My novel, One Small Step, is based on my experience of growing up in an Irish family in Birmingham at the time of the bombings, when an anti-Irish backlash struck the city.[8] The Irish Centre in Birmingham was attacked, as were Catholic schools and churches. Irish people all over Birmingham were shunned. Irish workers were sent home, at risk from their colleagues. The story of the Irish in Birmingham and elsewhere in Britain is worth telling because it is indicative of what happens when the perception of an entire community is conflated with the actions of a tiny number.

Looking back, it would be some small consolation if the anti-Irish racism of the time was followed by a period of reflection in which a less reactionary climate prevailed, but the Islamophobia of the twenty-first century is structurally similar to the anti-Irish racism that surfaced and proliferated in the Troubles.

The media, then and now, plays its part in demonising minorities but history casts a shadow, too. One Small Step concludes with a quote from Edward Said’s Culture and Imperialism: ‘Ireland was ceded by the Pope to Henry II of England in the 1150s; he himself came to Ireland in 1171. From that time on an amazingly persistent cultural attitude existed toward Ireland as a place whose inhabitants were a barbarian and degenerate race.’[9]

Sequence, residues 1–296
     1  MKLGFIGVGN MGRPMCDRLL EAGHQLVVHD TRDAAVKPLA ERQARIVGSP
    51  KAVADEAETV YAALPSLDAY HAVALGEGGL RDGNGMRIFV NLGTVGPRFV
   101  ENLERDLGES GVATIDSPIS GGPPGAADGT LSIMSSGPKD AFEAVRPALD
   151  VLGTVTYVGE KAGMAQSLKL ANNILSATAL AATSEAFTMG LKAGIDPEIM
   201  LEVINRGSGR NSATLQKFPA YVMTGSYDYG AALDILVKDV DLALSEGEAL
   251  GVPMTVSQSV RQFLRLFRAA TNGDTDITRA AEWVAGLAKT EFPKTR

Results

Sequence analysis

The IRA’s mainland campaign of the nineteen seventies inflamed a long established perception of Irish people, already present in nineteen seventies Britain through the preponderance of stereotypes including Irish jokes on television (‘There were these thick paddies…’).

One Small Step is fiction but it is rooted in historical reality. The reality of the horror of the pub bombings themselves, but also the reality of historically embedded anti-Irish racism in Britain which returned to the surface of the national consciousness and the national conversation and which resulted in the imprisonment of innocent Irish people and a renewal of historically rooted grievances which characterised the colonial relationship between the two islands.

The passing of the Prevention of Terrorism Act in the immediate aftermath of the bombings allowed suspects to be detained for up to seven days without charge, a provision which has since been extended to fourteen days. The instigation of non-jury courts in Northern Ireland in 1973 also compromised the rule of law.

The IRA’s strategy changed over time. The growth of Sinn Féin subordinated armed struggle to engagement with the political process. Sinn Féin’s fortunes fluctuated from ballot box to ballot box but the overall trajectory was upwards and now the party is in a strong position in both Northern Ireland and the Republic of Ireland, having the highest number of representatives in Northern Ireland’s legislative assembly; having gained the highest number of first preference votes in the most recent election in the Republic of Ireland (February 2020); and, from May 2023, holding the most seats in Northern Ireland at local government level, too.